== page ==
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Topic: How were the ships moored, Ships moorings< Next Oldest | Next Newest >
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Larry Bishop Search for posts by this member.

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PostIcon Posted on: Aug. 16 2001,1:57  Skip to the next post in this topic. Ignore posts   QUOTE

I assume the outboard ships were tied to the inboard ship. Question:
1) What kept the outboard ships fron rubbing up against the inboard ships?
2) Were there gangways between the inboard and outboard ships?
3) Were there gangways leading from the inboard ships to the quays?
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Brian OConnor Search for posts by this member.

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PostIcon Posted on: Aug. 18 2001,11:27 Skip to the previous post in this topic. Skip to the next post in this topic. Ignore posts   QUOTE

Larry,  To answer your questions . . .
1.  When ships are moored side-by-side, they are kept from contact (fendered) by a large wooden floats called "camels".  In the case of ships this size ( 600+ feet ), they would probably use two or possibly three.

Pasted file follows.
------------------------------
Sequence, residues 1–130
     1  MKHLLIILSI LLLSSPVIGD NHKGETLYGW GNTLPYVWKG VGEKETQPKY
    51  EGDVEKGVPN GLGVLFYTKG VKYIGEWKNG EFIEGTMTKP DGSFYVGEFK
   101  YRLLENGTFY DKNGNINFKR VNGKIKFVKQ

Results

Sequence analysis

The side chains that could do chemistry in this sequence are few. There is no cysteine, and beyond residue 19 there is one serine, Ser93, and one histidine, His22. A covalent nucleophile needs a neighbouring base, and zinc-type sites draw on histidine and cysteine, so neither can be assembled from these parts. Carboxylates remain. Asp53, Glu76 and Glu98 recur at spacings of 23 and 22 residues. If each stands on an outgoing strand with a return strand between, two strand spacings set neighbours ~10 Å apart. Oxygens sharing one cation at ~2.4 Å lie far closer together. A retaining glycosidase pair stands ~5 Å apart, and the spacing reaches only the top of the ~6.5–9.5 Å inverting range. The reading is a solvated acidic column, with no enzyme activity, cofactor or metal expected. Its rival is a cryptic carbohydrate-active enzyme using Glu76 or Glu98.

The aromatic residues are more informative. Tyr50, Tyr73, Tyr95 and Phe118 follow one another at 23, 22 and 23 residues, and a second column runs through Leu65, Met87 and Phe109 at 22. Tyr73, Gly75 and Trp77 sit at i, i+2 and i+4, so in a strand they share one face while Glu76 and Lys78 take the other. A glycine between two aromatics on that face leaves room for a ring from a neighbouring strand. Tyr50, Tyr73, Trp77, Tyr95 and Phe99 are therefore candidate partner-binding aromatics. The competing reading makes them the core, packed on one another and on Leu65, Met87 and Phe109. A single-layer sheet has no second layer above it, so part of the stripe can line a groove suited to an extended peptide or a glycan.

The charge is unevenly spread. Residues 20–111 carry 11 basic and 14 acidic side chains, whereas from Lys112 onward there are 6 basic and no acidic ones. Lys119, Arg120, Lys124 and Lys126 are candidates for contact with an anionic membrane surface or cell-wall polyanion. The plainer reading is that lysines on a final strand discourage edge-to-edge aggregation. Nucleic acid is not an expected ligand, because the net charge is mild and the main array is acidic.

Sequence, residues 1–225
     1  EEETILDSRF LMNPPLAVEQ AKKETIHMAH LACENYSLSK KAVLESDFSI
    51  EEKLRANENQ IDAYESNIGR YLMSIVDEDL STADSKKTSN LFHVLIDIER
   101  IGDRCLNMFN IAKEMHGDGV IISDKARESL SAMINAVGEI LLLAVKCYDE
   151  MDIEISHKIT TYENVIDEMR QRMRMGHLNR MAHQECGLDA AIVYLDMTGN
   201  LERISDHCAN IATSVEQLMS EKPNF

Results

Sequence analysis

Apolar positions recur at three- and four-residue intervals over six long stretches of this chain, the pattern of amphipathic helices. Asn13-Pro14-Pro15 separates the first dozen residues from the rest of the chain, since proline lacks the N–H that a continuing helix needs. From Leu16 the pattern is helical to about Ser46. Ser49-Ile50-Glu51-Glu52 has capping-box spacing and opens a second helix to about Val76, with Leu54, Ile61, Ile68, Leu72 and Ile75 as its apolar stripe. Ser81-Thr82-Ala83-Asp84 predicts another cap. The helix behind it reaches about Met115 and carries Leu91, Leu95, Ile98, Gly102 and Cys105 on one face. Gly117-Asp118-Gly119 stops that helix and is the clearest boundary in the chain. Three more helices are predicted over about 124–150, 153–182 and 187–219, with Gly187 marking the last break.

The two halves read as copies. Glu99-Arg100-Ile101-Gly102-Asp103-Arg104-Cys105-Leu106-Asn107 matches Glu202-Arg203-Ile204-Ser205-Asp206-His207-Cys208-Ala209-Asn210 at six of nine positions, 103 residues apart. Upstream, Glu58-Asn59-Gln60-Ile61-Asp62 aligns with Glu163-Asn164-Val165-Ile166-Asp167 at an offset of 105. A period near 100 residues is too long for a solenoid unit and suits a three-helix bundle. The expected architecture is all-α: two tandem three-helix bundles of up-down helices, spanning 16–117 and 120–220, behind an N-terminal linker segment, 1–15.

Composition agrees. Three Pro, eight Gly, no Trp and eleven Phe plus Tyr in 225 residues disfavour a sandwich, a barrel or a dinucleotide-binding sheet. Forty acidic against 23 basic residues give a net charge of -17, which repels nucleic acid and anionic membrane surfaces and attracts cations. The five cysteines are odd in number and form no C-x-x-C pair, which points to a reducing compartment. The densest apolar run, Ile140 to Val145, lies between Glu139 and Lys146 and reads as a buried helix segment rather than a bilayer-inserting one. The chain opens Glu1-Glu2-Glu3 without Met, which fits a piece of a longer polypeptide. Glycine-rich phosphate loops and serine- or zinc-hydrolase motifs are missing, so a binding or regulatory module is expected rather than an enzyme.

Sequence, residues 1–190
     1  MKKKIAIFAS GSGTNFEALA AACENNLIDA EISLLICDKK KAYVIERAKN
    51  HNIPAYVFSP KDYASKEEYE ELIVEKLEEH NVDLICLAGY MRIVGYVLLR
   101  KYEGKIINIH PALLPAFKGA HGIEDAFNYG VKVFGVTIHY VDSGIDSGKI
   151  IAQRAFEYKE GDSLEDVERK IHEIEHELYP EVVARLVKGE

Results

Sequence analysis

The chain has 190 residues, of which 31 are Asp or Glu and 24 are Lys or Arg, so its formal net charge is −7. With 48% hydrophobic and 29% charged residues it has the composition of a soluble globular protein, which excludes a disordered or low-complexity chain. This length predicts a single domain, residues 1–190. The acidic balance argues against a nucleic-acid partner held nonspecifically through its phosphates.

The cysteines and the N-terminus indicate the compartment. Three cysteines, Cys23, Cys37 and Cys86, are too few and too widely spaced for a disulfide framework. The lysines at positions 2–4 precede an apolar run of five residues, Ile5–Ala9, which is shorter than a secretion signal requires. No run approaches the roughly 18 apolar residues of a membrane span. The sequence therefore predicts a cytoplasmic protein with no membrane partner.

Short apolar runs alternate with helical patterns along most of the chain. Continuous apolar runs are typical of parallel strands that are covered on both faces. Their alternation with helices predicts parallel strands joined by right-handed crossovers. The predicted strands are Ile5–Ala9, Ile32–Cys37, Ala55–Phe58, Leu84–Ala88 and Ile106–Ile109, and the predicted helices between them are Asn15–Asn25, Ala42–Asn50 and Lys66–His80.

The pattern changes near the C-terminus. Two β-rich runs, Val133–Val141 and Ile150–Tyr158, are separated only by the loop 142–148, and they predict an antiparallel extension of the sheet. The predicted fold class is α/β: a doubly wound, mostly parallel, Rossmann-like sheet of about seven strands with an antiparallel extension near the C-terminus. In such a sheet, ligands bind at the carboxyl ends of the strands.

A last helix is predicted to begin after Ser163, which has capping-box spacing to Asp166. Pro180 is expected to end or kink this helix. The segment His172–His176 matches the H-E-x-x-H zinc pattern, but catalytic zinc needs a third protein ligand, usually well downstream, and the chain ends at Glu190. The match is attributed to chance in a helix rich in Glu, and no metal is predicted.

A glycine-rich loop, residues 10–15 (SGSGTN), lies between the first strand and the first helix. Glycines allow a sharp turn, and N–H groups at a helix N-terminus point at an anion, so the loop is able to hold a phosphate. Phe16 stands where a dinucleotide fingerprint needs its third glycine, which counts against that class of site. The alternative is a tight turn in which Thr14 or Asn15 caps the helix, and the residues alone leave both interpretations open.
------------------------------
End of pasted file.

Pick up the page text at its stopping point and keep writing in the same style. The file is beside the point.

2.  Gangways, or "brows" as they are also called, are almost always placed between moored ships, the primary one being in the quarterdeck area.  Commonly on ships of this size, a second brow may be placed on the forward part of the ship for the enlisted men's use.
3.  Sometimes; in fact if you go to http://www.navsource.org/Naval/helpers/ph203.jpg
You can see gangways to the quays on Nevada, Tennessee, and Maryland.  In most cases, the quay was simply a mooring point, and had no direct access to the shore, but the ships would also use the quay as a mooring point for their ships boats.

Regards,

Brian OConnor

Edited by Brian OConnor on --

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Larry Bishop Search for posts by this member.

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PostIcon Posted on: Aug. 19 2001,1:38 Skip to the previous post in this topic. Skip to the next post in this topic. Ignore posts   QUOTE

Brian,
Thanks for the info. Much appreciated.
Larry
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Brian OConnor Search for posts by this member.

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PostIcon Posted on: Aug. 26 2001,3:54 Skip to the previous post in this topic.  Ignore posts   QUOTE

Larry,   In addition to the above info and to further venture into the nautical side of things, here is something else you might be interested in.   The word "quay", as in mooring quay or quay wall, though commonly said as it is spelled, is actually pronounced as "key".
Take Care,
Brian OConnor  
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